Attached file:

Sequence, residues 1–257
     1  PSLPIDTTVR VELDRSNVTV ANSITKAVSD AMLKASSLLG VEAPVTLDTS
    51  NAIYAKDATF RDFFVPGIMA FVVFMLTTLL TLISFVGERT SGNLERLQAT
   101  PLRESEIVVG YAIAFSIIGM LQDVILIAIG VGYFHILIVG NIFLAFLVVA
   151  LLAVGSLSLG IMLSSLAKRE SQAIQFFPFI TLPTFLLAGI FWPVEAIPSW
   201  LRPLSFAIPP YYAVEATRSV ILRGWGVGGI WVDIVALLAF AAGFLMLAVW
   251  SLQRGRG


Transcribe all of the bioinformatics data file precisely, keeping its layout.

Sequence, residues 1–257
     1  PSLPIDTTVR VELDRSNVTV ANSITKAVSD AMLKASSLLG VEAPVTLDTS
    51  NAIYAKDATF RDFFVPGIMA FVVFMLTTLL TLISFVGERT SGNLERLQAT
   101  PLRESEIVVG YAIAFSIIGM LQDVILIAIG VGYFHILIVG NIFLAFLVVA
   151  LLAVGSLSLG IMLSSLAKRE SQAIQFFPFI TLPTFLLAGI FWPVEAIPSW
   201  LRPLSFAIPP YYAVEATRSV ILRGWGVGGI WVDIVALLAF AAGFLMLAVW
   251  SLQRGRG